IDF Releases New Guidelines on Diabetes Management

News Author: Alison Palkhivala
CME Author: Désirée Lie, MD, MSEd

October 26, 2009 — The International Diabetes Federation (IDF) announced the release of several new guidelines related to diabetes management here at the IDF 20th World Diabetes Congress. These include the first-ever international guidelines on the management of diabetes in pregnancy and guidelines on the use of self-monitoring of blood glucose (SMBG) among type 2 diabetic patients not being treated with insulin.

Pregnancy and Diabetes Guidelines Call for Universal Screening

Lois Jovanovi?, MD, CEO and chief scientific officer of Sansum Diabetes Research Institute in Santa Barbara, California, and clinical professor of medicine at the University of Southern California-Los Angeles Medical Center, is one of the authors of the IDF Global Guideline on Pregnancy and Diabetes. “The guidelines were created with evidence-based medicine. Then we asked an international group [of experts] to give us their opinion,” she told Medscape Diabetes & Endocrinology.

“There was no international standard [for the diagnosis and management of gestational diabetes], said Dr. Jovanovi?. “There was no consensus, there was a lot of confusion, women were suffering, and their pregnancy outcome was affected by having no standard by which to judge whether their diabetes was worth treating or not. This is the first time there is a worldwide consensus.”

A key message of the new guidelines, according to Dr. Jovanovi?, is the importance of universal screening. “Look for hyperglycemia in pregnancy,” she said. “Preconceptional counseling [also] has to be universal. . . . For a [primary care] physician who has a [patient] in child-bearing years, the first question should be: Are you interested in getting pregnant again?”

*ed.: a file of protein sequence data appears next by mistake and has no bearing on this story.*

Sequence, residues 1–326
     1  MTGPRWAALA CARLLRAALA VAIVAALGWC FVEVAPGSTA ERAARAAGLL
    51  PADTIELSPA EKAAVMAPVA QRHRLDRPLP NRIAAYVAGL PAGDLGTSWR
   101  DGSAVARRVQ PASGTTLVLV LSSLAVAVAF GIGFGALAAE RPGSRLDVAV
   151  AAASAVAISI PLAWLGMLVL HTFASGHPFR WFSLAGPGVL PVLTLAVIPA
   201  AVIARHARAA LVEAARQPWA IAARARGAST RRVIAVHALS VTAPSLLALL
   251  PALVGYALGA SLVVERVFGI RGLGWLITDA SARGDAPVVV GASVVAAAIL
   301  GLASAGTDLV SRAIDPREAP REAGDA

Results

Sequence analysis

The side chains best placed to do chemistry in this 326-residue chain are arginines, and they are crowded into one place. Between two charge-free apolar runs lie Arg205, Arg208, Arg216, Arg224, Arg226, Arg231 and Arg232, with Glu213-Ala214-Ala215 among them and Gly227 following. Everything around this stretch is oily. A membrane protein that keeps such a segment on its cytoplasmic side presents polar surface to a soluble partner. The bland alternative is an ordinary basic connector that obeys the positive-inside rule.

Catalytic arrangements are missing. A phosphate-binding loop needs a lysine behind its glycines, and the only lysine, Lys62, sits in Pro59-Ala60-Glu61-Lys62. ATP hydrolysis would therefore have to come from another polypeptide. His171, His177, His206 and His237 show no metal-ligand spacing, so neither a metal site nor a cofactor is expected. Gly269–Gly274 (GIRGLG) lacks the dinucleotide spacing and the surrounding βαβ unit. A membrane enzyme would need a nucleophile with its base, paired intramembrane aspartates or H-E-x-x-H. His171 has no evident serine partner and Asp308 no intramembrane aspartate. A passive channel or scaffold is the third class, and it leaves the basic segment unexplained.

Self-Monitoring of Blood Glucose in Noninsulin-Treated Type 2 Diabetes

The IDF Guideline on Self-Monitoring of Blood Glucose in Non-Insulin Treated Type 2 Diabetes was developed in a manner similar to the IDF pregnancy guidelines. Their highlights include the following:

  • SMBG should be considered at the time of diagnosis but should only be used when patients, their caregivers, and/or their healthcare providers have the knowledge and willingness to incorporate findings into the diabetes management plan.
  • SMBG should be considered a part of ongoing diabetes self-management education.
  • SMBG protocols should be individualized.
  • Patients and their healthcare providers should agree on how to use SMBG data.
  • Tools used to measure SMBG must be easy to use and accurate.

Unique Features of Guidelines

Both sets of guidelines have key features that differentiate them from guidelines on the same topics put out by other diabetes associations, such as the American Diabetes Association (ADA), said Dr. Jovanovi?.

“The ADA hopefully will change soon, but right now they don’t subscribe to the philosophy of universal screening [in pregnancy]. They talk about selective screening. Our guidelines not only talk about universal screening but almost assume that every woman has diabetes [and] doing the testing is to reassure her that she doesn’t. So, it’s a paradigm shift. The second major difference is the [IDF] recommendation that it be a 1-step [oral glucose tolerance] test, not a 2-step test [as currently recommended by the ADA]. The ADA also have the criteria for diagnosis [of gestational diabetes] very high to minimize the number of women identified. The strategies in the [IDF] guidelines actually increase the number of women that would be identified and therefore offer treatment worldwide with 1 standard of care.”